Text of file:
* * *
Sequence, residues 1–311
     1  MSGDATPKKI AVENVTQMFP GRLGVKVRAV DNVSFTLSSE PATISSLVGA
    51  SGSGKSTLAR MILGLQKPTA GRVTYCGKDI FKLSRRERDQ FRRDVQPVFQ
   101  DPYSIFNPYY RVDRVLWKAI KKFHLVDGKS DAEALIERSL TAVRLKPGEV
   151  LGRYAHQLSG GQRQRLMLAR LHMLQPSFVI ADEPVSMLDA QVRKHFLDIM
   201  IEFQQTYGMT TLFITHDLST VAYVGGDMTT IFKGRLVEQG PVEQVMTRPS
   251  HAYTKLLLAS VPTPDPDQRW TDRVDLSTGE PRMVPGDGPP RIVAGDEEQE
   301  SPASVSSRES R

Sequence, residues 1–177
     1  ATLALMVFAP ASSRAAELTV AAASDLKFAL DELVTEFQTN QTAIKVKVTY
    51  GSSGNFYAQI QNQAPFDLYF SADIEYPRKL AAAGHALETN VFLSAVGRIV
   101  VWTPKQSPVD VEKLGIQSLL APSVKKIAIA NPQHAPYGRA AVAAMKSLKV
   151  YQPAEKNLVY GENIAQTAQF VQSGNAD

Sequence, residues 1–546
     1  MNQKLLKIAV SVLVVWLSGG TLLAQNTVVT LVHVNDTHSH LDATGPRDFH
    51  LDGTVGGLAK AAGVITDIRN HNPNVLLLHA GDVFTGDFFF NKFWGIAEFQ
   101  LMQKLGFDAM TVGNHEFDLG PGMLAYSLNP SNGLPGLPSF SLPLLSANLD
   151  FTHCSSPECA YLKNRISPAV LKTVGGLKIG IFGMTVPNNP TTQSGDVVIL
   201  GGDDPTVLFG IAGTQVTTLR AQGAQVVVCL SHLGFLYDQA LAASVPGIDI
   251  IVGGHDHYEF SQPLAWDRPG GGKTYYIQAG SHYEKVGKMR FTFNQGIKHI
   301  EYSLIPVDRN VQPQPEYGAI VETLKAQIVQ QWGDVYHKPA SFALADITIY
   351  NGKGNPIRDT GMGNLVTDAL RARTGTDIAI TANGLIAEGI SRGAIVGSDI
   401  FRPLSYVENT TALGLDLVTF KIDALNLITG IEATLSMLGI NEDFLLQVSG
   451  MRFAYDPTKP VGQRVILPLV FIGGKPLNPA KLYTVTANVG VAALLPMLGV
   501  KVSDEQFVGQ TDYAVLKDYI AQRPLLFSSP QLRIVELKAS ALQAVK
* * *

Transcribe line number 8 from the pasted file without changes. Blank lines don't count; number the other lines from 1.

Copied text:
   301  SPASVSSRES R